Burn assessment can be challenging, even for those who do it often. This page includes some useful tips from burn care experts regarding aspects of burn assessment, and some advice to help avoid common pitfalls.
It’s ok to ask for help. It’s expected.
Assessing burns accurately is fundamental to quality burn care as it informs the subsequent management of the injury. This includes an accurate burn depth assessment as this will determine if the wound can heal on its own, or whether it requires a surgical referral & intervention. Similarly, assessing %TBSA burns accurately, or at least within 5% of the actual %TBSA, will avoid a cascade affecting fluid resuscitation and possible over or under triage.
If you are in any way unsure, it’s ok to ask colleagues to double check your burn assessment, it helps refine both of your skills. This a common practice within the Burn Service to develop skills & expertise. In particular, the low incidence of severe burns in Australia means that clinicians outside a Burn Service have limited opportunities to develop skills and experience. It’s expected to ask questions about it.
Depending on the urgency of the case, Adult Retrieval Victoria can also provide remote clinical support, especially for cases which meet Major Trauma Transfer criteria. The state’s two Burn Services can also provide support for non-time critical cases. Telehealth facilities, or at a minimum, a digital camera and a mobile network, can provide immediate expert help. Refer to the Transfer & Referral Tab for contact details.
Refer to the Burn Assessment Tab for more information on %TBSA Burn Assessment. Refer to the Burn Assessment Tips & Pitfalls Tab for tips and advice on burn wound assessment, and find out more about ANZBA’s EMSB Course to improve your burn assessment & management skills.
Erythema should not be included in the overall %TBSA burn assessment. Erythema is areas of epidermal burn that look like a gentle sunburn. It is important to exclude erythema in the %TBSA calculation to avoid an inaccurate assessment, this could lead to over resuscitation and over treatment.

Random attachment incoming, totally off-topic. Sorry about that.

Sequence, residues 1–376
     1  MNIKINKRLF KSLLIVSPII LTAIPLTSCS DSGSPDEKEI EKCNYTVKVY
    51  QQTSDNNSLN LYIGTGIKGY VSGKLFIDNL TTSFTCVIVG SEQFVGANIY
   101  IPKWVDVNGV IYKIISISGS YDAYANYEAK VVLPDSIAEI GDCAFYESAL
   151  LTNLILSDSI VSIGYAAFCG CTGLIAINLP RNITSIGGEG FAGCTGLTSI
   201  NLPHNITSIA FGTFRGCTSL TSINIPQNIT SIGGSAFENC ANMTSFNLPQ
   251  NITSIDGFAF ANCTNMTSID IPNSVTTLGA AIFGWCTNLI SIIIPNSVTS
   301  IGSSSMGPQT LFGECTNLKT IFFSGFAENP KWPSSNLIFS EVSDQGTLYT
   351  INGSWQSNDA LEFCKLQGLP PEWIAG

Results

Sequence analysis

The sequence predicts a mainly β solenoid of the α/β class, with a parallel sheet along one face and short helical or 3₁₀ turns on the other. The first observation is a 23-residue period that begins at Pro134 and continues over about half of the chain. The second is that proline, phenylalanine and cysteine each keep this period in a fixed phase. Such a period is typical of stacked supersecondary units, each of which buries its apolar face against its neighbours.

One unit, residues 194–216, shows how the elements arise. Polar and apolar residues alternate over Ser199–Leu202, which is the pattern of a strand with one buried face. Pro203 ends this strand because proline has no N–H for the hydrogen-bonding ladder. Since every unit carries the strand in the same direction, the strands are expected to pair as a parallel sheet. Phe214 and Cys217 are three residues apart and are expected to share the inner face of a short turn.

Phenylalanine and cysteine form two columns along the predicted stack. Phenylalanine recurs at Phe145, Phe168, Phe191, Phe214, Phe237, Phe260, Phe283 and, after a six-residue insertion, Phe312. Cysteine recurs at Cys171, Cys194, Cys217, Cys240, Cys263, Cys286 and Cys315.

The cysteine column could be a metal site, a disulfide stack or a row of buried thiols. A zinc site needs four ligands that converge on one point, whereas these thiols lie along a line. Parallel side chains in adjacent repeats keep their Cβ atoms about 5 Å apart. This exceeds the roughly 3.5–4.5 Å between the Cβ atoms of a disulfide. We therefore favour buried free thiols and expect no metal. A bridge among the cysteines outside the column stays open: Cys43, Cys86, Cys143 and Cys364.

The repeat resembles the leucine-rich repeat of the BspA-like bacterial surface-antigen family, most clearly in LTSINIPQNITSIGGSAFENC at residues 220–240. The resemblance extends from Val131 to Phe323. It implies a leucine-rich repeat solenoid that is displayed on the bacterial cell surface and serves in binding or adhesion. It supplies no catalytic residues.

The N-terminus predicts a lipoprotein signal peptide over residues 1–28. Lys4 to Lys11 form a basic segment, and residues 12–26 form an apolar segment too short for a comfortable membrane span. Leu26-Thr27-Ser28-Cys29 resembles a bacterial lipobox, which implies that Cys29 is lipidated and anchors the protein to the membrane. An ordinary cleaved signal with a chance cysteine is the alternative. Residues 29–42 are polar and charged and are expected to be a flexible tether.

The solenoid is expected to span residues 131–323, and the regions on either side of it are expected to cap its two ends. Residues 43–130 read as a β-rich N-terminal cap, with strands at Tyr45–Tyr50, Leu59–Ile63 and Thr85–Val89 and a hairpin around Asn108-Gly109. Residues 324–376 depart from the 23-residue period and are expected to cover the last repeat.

Be mindful of burn injuries in older people
Burn injuries in older people are complex for several reasons:
- Superficial burns are uncommon in older people. The dermis becomes thinner as people age, the same burn in a young person, is likely to be deeper in an older person.
- Older people are more likely to have co-morbidities which can complicate and delay wound healing such as diabetes, vascular disease, immune conditions etc.
- The burn injury can be a symptom of broader health concerns relating to frailty and safety and needs to properly assessed.
Burns in older people meet the ANZBA Referral Criteria due to these complexities. If a minor burn in an older person is managed outside of a the Victorian Adult Burn Service we recommend frequent reassessment of the wound particularly in the first 3 days following injury. This will determine if the originally superficial dermal converts to a deeper burn as this will change wound management goals. A detailed history of the mechanism of injury can help identify any safety concerns which should be appropriately addressed and referred on if necessary, and comorbidities should be optimised to promote wound healing.
Do not assume a red burn wound appearance means the burn is superficial.
Red, or shades of red, are commonly seen in superficial burns, but also in mid dermal and deep dermal burns. A better way to determine burn depth is by assessing for pain and wound bed capillary return. In superficial burns, where the dermis and dermal structures such as capillaries and nerve ending are intact, capillary return is brisk and pain is acute. However, as the damage from the burn moves deeper through the dermis, both capillary return and sensation/pain continue to diminish until there is a complete absence in full thickness burns as the dermis is destroyed
Check if the epidermis is attached in areas of epidermal burn
Epidermal burns involve the epidermal layer of the skin which remains intact but damaged over underlying undamaged dermis. At times, in deeper burns involving the dermis, the destroyed overlying epidermis still covers the burn wound, which can disguise the burn as an epidermal burn.
To minimise the likelihood of misdiagnosis or incorrect assessment, it is important to determine if the epidermis is attached. Using a gloved finger, place a fingertip on the area of possible epidermal burn and rotate or wipe the finger across the surface using gentle pressure. In a healthy epidermis, it will move with the underlying skin structures. If the epidermis moves with your finger, its damaged and detached and the burn is likely to be at least superficial in depth. If this occurs, continue to assess all ares of epidermal burn for an intact epidermis, and areas that are not intact should be included in the overall % TBSA assessment.